Highline Vacuum To Be Filled By Rush Of Upper East Side Cultural Institutions
Tropolism is making connections.
Today's relationships in news. First, the Dia Art Foundation--caretaker of rockin' artworks like the Earth Room and Broken Kilometer, in addition to an empty building on 22nd Street, and a huge factory-become-museum in Beacon, New York (it's north of the Bronx, which is north of Manhattan)--is not going to anchor the southern end of the Highline (as shown in the rendering above). One half second later, the New York Times reports that the Whitney is looking at expanding in this location. Interesting, you say, but so what?
Second news: Norman Foster's creative expansion of a building on the Upper East Side is argued over (and mostly opposed by) at a Landmark Preservation Hearing. The New York Sun captures some of the stupidest and nonsensical opposition preservation quotes ever, proving yet again that preservationists have no logical argument, only outrage, to support their positions. Speaking in support of his design, Lord Norman cited the Guggenheim and Whitney Museums, which are totally not masonry or rectangular, and which are totally in the Upper East Side.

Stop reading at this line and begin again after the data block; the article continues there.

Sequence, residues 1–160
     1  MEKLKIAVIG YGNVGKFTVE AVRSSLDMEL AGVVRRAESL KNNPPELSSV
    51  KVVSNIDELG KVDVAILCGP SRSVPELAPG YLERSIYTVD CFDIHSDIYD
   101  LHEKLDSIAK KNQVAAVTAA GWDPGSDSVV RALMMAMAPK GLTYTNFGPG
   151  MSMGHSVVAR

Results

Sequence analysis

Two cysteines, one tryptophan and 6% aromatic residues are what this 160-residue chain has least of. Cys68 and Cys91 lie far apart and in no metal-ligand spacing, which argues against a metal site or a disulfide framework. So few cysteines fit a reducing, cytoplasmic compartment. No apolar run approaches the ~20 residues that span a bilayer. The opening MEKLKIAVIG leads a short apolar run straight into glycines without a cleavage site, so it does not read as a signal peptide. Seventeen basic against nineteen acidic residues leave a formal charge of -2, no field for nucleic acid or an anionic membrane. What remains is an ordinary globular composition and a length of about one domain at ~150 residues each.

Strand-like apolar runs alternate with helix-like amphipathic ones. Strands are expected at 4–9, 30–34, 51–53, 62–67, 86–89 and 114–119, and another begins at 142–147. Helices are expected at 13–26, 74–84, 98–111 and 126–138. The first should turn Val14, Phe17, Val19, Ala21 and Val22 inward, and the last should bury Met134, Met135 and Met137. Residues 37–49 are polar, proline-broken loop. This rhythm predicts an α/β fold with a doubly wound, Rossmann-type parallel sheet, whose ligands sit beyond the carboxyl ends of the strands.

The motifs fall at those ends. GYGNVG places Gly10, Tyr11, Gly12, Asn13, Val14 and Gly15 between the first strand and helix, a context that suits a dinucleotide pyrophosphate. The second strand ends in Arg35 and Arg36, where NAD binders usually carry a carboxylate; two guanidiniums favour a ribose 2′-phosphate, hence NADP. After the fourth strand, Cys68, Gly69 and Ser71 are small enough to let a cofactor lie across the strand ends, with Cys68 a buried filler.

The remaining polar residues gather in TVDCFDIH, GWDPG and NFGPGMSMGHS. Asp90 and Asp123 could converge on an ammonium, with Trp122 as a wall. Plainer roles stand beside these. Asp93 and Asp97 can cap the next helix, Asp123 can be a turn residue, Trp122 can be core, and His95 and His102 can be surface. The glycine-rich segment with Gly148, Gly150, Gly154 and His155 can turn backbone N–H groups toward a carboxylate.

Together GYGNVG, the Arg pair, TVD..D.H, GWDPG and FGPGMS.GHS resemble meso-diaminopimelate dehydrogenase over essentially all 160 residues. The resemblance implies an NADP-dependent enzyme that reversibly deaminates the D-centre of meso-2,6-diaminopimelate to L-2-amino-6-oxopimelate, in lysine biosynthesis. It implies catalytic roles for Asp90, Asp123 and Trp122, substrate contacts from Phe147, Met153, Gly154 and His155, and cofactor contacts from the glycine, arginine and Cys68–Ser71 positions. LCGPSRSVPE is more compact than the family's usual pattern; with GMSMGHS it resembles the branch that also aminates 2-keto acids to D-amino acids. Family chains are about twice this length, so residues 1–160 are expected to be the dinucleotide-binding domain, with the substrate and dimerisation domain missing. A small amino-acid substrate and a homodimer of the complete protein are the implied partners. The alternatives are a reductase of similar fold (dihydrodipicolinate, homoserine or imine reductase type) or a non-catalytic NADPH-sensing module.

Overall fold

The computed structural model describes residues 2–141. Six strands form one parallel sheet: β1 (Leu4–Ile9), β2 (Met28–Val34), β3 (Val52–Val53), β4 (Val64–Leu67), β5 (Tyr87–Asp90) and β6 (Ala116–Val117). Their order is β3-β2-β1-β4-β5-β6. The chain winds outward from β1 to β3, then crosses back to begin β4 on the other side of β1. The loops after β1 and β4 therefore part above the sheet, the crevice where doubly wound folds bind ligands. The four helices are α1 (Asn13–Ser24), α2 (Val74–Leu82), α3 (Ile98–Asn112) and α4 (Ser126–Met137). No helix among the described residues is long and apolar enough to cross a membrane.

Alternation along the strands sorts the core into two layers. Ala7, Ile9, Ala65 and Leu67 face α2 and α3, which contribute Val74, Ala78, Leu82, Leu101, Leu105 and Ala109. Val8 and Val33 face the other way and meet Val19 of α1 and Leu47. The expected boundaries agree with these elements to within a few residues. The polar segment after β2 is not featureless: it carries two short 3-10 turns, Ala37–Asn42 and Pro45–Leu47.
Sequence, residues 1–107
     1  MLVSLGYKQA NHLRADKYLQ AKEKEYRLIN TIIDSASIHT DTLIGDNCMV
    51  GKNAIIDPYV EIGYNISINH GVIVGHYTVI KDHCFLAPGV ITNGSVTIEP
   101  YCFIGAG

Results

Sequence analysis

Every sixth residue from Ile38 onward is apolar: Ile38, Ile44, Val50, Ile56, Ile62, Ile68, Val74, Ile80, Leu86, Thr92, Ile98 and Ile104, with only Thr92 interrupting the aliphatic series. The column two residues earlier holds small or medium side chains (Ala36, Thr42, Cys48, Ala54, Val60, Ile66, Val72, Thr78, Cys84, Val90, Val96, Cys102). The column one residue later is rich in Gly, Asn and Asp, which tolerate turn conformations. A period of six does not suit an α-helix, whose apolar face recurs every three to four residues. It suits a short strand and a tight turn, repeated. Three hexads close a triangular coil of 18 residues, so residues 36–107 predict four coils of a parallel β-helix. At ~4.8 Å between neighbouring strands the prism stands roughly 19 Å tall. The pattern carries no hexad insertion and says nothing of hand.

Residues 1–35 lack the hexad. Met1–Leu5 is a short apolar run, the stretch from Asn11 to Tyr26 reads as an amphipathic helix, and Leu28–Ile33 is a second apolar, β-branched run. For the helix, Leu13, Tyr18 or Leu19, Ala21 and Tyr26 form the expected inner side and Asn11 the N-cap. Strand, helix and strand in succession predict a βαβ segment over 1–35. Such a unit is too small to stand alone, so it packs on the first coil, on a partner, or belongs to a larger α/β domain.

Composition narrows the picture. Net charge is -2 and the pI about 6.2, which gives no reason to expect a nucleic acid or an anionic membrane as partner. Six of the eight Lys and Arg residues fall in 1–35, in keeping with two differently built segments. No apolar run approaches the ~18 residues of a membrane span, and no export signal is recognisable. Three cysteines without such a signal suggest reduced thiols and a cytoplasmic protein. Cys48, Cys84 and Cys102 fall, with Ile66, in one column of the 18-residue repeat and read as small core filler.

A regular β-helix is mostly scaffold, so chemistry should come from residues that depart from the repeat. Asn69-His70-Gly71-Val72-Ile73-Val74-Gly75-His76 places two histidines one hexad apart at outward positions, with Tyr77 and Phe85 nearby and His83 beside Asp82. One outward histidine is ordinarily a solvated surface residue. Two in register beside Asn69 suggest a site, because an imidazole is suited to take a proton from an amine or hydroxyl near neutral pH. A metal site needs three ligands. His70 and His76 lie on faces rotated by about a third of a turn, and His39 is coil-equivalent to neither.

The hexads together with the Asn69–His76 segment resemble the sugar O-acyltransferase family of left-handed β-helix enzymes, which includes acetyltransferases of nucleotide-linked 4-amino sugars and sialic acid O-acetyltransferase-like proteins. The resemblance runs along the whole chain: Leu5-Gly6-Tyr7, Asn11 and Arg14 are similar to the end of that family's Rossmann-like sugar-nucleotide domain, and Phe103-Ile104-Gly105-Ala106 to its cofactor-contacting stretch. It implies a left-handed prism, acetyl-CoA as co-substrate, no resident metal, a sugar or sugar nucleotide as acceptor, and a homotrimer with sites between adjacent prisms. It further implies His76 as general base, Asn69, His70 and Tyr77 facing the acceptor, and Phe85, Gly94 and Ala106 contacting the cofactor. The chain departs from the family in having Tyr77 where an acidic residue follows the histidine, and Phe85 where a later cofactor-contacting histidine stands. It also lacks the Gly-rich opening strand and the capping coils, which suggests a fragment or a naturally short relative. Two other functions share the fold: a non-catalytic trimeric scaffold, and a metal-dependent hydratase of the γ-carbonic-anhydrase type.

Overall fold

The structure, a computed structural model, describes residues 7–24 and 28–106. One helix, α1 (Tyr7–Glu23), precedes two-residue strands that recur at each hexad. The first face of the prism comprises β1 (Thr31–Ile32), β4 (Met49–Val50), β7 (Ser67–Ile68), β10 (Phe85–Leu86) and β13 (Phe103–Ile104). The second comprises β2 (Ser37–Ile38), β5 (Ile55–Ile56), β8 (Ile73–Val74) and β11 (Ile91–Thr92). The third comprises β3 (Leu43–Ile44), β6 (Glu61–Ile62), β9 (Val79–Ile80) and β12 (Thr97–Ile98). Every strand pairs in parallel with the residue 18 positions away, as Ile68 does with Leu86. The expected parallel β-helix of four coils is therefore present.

Which leads us back to the first article. The case for the Whitney is an example of some pretty good speculation, in that the incentives for the institution to expand elsewhere are enormous. High cost of construction on the UES, lack of community support for anything you'd want to build next to a brutal Marcel Breuer masterpiece, and an aging and not hip population for neighbors would make any cutting-edge institution look for new digs. What institution will be next to consider an expansion downtown?
Preservation: winning the battle for the neigborhood, at the expense of a culturally interesting neighborhood. West Chelsea residents of the year 2046, mulling over expansion plans for the High Line, take heed.
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